Sadness is starting to creep in as the final IndyCar race of the year has arrived. It’s been so damn amazing so far, from the first lap of the season when Josef Newgarden – a guy who doesn’t make big mistakes – pooped the bed and wiped a bunch of drivers out of the opening race, to Romain Grosjean turning the close of Sunday’s Firestone Grand Prix into a nail-biting thriller.
Alex Palou has come from nowhere to find himself on the cusp of his first championship; Pato O’Ward’s singlehandedly hauled Arrow McLaren SP into title contention; Marcus Ericsson silenced his critics with a pair of wins and a string of top fives; Rinus VeeKay joined the ranks of IndyCar race winners; and we have a trio of rookies in Scott McLaughlin, Grosjean and Jimmie Johnson who’ve given us fascinating story arcs to follow.
Throw in 100 other elements to the season that are worth remembering or debating, and 2021 won’t be easily forgotten. It’s also been a tough year with too many losses, which is why I have mixed emotions about the finish line that’s coming Sunday afternoon in Long Beach.
In one sense, I want the great racing and drama to continue, and then there’s the lingering weariness and shadows cast by the deaths of Robin Miller, Bobby Unser, Bob Jenkins, and other family members who make me think turning the page and taking some time to heal before 2022 arrives just might be what we need.
On to Long Beach we go.
AN OPPORTUNITY MISSED
The only negative that comes to mind from Sunday’s Firestone Grand Prix was the lost opportunity to see a home state reckoning between front-row starters Colton Herta and Alexander Rossi. A showdown between the Californians was the gift I’d hoped for; with a clear track at their disposal, who would win the internecine contest? Moreover, would Rossi rein in the young upstart and quash the notion that he’s 1B to Herta’s 1A?
Sadly, the fast and loud Andretti forum didn’t make it past lap 2.
Herta’s taken command of Andretti Autosport’s fortunes since his arrival via the Harding Steinbrenner Racing alliance in 2019, and in the head-to-head contest between himself and Rossi that’s emerged, Herta’s leading in the win column 5-2. Move the stats to 2020-2021, when Herta was elevated to the big Andretti team, and he’s 3-0 against the entire full-time squad.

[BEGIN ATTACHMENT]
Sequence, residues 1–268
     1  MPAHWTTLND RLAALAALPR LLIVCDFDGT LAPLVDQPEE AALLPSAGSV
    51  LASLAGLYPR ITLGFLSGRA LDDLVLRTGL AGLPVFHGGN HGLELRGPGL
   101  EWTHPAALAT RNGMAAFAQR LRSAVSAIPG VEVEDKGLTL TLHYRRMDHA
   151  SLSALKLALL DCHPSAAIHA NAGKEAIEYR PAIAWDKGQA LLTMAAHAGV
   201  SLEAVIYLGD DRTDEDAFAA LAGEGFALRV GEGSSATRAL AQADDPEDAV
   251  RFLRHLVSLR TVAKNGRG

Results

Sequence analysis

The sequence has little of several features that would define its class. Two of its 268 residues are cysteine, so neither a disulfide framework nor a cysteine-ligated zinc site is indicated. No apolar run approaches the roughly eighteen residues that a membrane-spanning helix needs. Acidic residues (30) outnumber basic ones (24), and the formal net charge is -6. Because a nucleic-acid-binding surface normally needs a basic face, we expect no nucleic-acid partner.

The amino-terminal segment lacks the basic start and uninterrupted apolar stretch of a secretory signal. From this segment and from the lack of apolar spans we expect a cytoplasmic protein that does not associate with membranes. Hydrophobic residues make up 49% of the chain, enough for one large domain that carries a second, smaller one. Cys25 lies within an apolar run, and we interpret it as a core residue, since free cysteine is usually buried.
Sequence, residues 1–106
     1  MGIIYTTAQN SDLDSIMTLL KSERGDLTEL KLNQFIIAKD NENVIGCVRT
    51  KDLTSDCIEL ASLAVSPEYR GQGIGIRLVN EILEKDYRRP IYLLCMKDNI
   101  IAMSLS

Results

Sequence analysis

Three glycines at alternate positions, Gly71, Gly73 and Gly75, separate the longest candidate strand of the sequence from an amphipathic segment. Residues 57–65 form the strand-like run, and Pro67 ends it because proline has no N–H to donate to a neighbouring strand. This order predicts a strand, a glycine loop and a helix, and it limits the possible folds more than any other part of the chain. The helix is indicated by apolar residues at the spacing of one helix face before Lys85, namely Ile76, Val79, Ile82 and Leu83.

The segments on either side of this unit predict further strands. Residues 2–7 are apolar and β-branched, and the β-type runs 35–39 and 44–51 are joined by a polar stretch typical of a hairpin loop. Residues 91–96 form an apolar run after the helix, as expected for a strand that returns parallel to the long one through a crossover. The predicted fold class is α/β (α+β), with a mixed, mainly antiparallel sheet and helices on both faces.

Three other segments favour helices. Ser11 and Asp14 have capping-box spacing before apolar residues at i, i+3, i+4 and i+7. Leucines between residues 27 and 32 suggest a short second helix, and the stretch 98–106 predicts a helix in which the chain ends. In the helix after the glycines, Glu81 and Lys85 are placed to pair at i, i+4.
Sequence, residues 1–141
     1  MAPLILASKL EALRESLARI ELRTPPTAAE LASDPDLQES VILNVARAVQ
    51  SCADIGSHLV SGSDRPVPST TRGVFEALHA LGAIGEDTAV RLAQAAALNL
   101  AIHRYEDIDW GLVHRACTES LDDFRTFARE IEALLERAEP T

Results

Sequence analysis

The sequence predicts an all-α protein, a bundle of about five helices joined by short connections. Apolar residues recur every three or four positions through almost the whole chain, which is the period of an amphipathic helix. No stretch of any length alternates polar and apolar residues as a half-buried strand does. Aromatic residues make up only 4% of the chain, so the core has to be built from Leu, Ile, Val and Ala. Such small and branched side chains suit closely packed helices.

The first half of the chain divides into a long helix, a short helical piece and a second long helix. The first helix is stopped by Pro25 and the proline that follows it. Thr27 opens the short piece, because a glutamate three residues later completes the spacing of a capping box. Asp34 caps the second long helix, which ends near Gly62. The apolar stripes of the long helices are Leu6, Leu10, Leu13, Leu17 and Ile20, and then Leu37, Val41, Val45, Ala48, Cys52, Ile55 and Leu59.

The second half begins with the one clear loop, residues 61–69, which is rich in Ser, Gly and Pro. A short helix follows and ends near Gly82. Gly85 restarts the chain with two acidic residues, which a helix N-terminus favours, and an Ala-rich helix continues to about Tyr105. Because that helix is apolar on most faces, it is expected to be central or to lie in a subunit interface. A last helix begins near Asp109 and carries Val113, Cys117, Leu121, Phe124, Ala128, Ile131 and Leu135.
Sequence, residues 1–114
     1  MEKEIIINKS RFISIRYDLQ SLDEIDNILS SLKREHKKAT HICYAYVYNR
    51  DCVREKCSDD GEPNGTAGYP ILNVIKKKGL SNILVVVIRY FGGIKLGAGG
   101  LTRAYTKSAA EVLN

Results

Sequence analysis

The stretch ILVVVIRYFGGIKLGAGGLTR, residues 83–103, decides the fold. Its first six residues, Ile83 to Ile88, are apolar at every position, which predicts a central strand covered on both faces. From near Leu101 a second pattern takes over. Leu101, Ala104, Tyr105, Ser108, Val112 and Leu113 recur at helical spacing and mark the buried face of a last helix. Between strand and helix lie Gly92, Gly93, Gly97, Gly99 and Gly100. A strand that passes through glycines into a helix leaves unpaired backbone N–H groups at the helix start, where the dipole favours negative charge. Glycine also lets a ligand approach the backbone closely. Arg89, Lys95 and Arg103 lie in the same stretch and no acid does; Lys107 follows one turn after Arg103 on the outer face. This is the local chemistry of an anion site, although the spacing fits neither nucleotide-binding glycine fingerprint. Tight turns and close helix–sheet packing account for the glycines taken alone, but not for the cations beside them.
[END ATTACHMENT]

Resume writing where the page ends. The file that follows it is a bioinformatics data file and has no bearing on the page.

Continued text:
Third in the championship last year, and sixth entering his home race this weekend, Herta’s also been the clear leader in points standings. And yet, with some horrendously terrible luck over the last two seasons, and the odd error like Sunday’s spin while trying to pass Herta, it feels like there’s a score to settle between Andretti’s two fastest drivers. Subtract a couple of the cartoon anvils that struck Rossi, and there’s no doubt he’d have a few more wins and stronger finishing positions in the championship.
But would those alternate realities have moved him ahead of Herta? It’s impossible to say, which is why Monterey’s front-row face-off had the potential to answer whether the internal pecking order should be reconsidered.
Keep in mind how Rossi ran second in the 2018 championship and followed it with third in 2019; his seven wins since joining the series in 2016 can’t be overlooked. Nor can Herta’s five since arriving in 2019.
If we’re fortunate, a beautiful afternoon spent under the Southern California sun will give us some answers on who’s truly in charge before Romain Grosjean arrives and makes it a three-way battle for Andretti supremacy in 2022.
We laughed as we crossed paths Sunday before the race. By chance, I ran across former McLaren Formula 1 driver and current Mercedes Formula E pilot Stoffel Vandoorne at least five times over the weekend in the Laguna Seca paddock.